Stoicism was meant from the beginning as a living philosophy, something to practice throughout your life, not just discuss from the armchair. Accordingly, I have recently started to apply a Stoic perspective on a number of things I do or experience. One of these is watching movies and documentaries. What follows, then, is an attempt at a “Stoic” review of the 2015 documentary “Amy,” centered on the tragic figure of British singer Amy Winehouse, who died in 2011 at the age of only 27.The documentary — directed by Asif Kapadia — is, in my opinion, well done, though it includes a lot of low quality footage of Winehouse’s childhood and, at 2 hours and 8 minutes, is arguably unnecessarily long.
It is a Greek style tragedy of sorts: Amy’s beautiful voice and physical attractiveness are her tickets out of a mediocre existence in North London, but a combination of early childhood scars (especially her father leaving the family for another woman when she was 9) and deeply flawed supporting characters (again, her exploitative father, as well as her troubled and selfish boyfriend-then-husband) quickly led her to spiral out of control into drug and alcohol addiction, and, predictably, to an early death.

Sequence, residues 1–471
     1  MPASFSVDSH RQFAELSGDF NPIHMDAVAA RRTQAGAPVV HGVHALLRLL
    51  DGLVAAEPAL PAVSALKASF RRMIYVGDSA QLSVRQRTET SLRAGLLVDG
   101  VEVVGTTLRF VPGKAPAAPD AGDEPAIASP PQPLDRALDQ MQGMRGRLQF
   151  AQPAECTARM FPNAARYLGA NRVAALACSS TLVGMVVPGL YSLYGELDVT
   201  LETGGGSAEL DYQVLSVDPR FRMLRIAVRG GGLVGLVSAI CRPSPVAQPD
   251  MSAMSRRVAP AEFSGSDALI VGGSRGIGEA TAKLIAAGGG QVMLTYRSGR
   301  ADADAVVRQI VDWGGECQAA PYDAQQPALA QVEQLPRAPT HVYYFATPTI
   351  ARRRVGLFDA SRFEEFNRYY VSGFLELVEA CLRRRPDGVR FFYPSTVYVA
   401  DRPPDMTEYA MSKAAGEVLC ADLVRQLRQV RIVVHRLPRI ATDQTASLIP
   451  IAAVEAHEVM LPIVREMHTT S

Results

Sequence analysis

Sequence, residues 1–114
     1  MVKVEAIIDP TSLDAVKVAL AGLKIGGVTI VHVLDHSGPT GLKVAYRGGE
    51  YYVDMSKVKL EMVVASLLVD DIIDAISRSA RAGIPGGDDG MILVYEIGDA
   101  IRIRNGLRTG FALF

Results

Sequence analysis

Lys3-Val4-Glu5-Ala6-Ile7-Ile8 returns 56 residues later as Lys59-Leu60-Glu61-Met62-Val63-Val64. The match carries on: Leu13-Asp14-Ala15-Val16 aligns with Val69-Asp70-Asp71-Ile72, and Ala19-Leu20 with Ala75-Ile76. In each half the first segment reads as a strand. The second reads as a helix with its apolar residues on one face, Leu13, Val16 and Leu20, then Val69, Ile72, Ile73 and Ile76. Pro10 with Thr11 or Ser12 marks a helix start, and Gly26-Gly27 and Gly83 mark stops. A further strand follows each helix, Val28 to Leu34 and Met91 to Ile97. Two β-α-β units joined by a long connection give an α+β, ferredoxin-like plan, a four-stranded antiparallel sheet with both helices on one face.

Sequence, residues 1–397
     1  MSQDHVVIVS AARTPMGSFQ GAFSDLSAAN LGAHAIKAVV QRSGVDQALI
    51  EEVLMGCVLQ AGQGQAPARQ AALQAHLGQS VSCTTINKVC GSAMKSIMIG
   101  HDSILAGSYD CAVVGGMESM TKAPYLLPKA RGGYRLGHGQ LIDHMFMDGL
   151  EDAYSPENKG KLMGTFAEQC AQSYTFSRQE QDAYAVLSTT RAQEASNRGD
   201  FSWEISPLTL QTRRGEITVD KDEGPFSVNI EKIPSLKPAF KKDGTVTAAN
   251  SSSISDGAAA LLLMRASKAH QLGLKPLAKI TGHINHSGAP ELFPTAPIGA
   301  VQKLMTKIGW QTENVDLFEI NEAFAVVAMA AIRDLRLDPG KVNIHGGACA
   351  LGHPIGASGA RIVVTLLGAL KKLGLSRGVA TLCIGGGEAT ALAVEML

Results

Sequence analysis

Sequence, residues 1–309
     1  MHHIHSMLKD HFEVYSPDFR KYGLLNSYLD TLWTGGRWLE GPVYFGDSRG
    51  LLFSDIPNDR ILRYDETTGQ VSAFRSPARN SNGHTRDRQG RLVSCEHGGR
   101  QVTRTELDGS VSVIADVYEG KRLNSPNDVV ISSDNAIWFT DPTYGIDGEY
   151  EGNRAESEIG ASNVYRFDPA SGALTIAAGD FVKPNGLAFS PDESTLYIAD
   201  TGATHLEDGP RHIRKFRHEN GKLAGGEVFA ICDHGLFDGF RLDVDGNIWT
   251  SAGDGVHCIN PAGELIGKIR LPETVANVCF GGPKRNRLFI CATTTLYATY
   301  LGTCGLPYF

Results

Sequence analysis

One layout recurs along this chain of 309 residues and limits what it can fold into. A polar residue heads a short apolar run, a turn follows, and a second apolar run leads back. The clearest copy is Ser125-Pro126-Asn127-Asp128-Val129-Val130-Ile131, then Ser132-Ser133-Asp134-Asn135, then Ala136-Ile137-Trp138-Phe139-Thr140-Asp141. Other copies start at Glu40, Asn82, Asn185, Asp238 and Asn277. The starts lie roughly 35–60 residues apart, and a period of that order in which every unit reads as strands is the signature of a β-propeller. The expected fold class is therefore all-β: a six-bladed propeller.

Of course, from a Stoic perspective death — even a “precocious” one — is an “indifferent,” but that means that it is irrelevant to one’s moral character and virtue, not that it is not “dispreferred,” as the Stoics would put it.
“Under no circumstances ever say ‘I have lost something,’ only ‘I returned it.'” (Epictetus, Enchiridion, 11)
Indeed, Amy’s death can be understood as an extreme example of why some “externals” are preferred or dispreferred: it is tragic in part because it cut short a life of excellence (as a musical performer), which could have been beneficial to others not only in terms of direct enjoyment of Amy’s music, but because of the inspiration she might have provided to other young girls, as well as the good she might have been able to do as a result of her wealth (all indications are that Amy was a kind and generous, if deeply troubled, human being).
In a sense, Amy’s life is a textbook illustration of the Stoic idea that externals such as fame and money are not, in themselves, conducive to eudaimonia. There are plenty of examples of people who do enjoy a considerable share of such externals, and yet are not happy (like Amy), as well as others who do not have them, and yet are happy.